new rental law reforms ( QLD stage 1)
Queensland has had some rental law reforms and the Housing Legislation Amendment Bill stage 1, was passed last week. It has now been sent to the Governor for Royal Assent, and when given, the Bill becomes law. It’s expected for that process to take about six months.
The Bill was aimed at greater fairness and balancing of renter and landlord rights, but the Real Estate Institute of Queensland said; “the bill could be the final straw for some investors and might prompt them to sell”.
The following changes under the new bill include:
- Landlords not allowed to refuse pets without reasonable grounds.
- Tenants can ask for permission to have pets, and landlords can only refuse on identified reasonable grounds such as lack of fencing or open space, unacceptable risks to health and safety, or that keeping the pet was likely to result in damage exceeding the value of the rental bond.
- The property owner must respond to a request for a pet in writing within 14 days, or consent is implied
- The property owner’s consent may be subject to reasonable conditions such as the pet has to be kept outside. A rent increase or a pet bond are not reasonable
- Domestic violence protections for tenants.
- Tenants experiencing domestic violence can end a lease with just seven days’ notice and access any bond contribution they made
- Break lease fees to be capped at 1 weeks rent
- Not liable for property damaged caused by Domestic Family Violence
- Remaining renters must top up the bond
- May change the locks without requiring the owner’s consent to ensure their safety
- Must provide documentation to support their claim.
- Ending tenancies fairly
- No evictions “without grounds” for periodic agreements. (valid reasons “ with grounds” only significant repairs or renovations, sale of property). If you re-rent it within 6 months you could face a fine of $6,700!
- Added reasons for landlords and tenants to end tenancies, including end of fixed term agreement, significant repairs or renovations, sale of property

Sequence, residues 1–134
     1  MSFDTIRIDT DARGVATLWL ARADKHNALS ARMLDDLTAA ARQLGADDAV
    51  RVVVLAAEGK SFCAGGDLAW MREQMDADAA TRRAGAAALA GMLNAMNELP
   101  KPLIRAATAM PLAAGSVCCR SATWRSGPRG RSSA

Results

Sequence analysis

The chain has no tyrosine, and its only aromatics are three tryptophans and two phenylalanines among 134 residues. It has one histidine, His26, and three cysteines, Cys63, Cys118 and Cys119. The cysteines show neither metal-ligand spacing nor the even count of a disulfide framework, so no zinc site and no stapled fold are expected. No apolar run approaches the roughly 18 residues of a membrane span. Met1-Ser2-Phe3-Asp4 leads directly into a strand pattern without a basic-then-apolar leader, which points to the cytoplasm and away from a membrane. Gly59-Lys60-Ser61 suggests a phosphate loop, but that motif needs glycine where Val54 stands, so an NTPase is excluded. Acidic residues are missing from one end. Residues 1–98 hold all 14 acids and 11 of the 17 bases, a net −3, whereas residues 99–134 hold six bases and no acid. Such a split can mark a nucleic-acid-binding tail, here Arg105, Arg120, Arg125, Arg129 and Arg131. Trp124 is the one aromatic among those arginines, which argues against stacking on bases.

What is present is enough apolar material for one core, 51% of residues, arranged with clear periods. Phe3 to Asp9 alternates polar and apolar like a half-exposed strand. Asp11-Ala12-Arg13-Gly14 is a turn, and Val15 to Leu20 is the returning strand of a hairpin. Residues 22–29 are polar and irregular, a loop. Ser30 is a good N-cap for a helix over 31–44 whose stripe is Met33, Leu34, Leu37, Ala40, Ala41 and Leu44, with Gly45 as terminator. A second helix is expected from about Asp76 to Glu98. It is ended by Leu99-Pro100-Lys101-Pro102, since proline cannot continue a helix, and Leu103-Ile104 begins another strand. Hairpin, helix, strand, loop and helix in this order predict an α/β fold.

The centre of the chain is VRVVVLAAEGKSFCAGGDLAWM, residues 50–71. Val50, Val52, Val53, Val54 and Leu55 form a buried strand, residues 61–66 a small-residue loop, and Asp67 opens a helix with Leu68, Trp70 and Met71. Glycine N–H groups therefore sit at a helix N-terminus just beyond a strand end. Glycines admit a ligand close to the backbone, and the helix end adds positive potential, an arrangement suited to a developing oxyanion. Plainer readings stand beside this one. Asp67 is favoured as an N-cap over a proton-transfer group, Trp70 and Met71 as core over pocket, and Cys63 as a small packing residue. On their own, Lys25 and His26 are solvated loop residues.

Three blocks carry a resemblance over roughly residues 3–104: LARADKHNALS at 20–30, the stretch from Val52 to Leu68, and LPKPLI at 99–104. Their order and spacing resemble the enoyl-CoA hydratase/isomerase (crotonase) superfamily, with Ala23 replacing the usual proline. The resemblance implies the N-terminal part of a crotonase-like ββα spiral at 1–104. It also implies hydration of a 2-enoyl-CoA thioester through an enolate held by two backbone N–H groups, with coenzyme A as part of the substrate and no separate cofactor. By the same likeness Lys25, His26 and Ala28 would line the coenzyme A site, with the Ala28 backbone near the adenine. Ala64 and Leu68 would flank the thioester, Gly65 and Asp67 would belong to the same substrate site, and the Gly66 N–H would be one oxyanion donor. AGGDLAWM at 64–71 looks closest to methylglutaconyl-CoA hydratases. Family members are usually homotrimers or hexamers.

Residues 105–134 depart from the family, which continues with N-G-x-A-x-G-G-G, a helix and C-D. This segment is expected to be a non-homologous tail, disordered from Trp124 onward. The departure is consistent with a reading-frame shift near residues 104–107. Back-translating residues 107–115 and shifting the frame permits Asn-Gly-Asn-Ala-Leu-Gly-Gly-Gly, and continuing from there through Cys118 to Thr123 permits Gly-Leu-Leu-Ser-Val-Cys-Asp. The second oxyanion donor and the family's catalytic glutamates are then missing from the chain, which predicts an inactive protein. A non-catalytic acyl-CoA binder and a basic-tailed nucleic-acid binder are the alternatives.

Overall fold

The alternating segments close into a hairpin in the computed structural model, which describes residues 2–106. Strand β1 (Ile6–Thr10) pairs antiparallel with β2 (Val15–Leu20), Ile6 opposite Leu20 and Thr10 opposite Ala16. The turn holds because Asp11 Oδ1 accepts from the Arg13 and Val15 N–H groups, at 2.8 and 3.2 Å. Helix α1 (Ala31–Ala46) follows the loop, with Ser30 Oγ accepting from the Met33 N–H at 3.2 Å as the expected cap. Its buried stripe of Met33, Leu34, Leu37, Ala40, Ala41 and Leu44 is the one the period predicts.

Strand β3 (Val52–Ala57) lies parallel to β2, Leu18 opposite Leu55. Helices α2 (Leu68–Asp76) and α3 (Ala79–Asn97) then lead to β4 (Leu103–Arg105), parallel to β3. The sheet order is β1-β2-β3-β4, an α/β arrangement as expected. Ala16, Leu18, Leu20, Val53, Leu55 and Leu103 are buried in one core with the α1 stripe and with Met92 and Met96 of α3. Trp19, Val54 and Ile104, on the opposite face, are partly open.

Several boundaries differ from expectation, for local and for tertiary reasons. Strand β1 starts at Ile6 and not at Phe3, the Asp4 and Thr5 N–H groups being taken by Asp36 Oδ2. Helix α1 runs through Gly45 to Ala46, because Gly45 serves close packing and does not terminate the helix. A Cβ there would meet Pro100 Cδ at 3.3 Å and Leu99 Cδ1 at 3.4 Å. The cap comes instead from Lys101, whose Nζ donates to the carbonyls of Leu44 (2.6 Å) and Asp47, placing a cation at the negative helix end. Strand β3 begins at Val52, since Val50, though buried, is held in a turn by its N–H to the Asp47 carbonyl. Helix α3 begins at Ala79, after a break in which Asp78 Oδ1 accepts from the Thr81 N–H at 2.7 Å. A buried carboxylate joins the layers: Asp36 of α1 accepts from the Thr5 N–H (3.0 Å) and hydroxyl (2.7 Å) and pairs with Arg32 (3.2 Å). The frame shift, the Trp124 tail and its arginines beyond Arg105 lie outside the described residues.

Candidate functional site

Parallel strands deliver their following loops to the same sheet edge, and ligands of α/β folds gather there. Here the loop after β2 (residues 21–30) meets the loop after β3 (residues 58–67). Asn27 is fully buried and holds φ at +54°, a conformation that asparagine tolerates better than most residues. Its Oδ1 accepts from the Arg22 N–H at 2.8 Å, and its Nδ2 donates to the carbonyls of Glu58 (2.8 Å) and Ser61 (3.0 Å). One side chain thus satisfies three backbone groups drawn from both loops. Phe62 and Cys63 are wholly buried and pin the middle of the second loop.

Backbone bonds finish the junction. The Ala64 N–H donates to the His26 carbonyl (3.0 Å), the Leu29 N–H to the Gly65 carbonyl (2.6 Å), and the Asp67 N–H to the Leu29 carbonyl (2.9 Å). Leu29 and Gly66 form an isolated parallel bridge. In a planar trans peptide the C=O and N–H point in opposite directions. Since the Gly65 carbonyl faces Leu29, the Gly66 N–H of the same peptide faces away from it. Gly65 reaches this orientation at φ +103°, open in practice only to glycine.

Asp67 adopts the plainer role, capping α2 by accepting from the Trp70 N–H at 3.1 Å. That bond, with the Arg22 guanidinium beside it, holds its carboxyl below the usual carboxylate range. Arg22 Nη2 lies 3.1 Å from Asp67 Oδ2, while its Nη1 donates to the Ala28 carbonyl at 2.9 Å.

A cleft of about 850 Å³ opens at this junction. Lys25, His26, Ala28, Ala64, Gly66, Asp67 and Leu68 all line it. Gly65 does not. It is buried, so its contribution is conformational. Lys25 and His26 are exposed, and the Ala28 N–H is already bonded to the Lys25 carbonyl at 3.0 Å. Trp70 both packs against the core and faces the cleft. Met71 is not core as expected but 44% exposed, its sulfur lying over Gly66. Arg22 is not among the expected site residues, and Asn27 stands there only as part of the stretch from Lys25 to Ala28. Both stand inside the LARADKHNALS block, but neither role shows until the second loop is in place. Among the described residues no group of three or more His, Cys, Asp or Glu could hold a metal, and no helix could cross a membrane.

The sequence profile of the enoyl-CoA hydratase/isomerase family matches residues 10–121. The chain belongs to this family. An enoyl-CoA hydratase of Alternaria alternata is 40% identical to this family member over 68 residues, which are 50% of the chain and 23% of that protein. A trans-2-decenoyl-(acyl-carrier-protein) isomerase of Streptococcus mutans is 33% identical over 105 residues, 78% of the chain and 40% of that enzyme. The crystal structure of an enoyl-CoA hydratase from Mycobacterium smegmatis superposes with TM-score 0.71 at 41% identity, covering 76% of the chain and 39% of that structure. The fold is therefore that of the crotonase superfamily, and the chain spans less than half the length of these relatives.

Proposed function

- New grounds for renters to end tenancies – when the property is not in good repair or does not comply with minimum housing standards (fines of up to $6850 will apply if repairs are not completed within a reasonable timeframe).
- Minimum housing standards
(Applying to new leases from 1 September 2023)
- The property must be weatherproof and structurally sound
- All fixtures and fittings must be in good repair and not likely to cause injury to a person
- Locks on all windows and doors
- The property must be free of vermin, damp, and mould
- Privacy coverings on all windows
- Adequate plumbing and drainage
- Functioning kitchen and laundry appliances (where supplied).
In addition, the tenant (residential tenancies) will have 7 days to complete and return the entry condition report and tenants and property managers can authorise emergency repairs for the equivalent of 4 weeks rent.
Some of these changes relating to minimum housing standards and domestic violence will improve safety and quality of life. However, as the real life impacts eventuate for landlords unable to refuse pets without the opportunity to offset that risk financially with either a mutually agreed rent increase or an additional ‘Pet Bond’ its likely that second or third tier consequences will emerge. Will investors just sell up and move to a different asset class? Will rents increase for everyone irrespective of pet applications, just to cover the possibility?
This is only stage 1 of the rental reforms to be implemented over the next 6-24 months, who knows what will be next?
We invite you to let us know your thoughts on this reform, good or bad, we will then raise any concerns with the governing body ( REIQ ) in the hope of future reforms being balanced even more equally.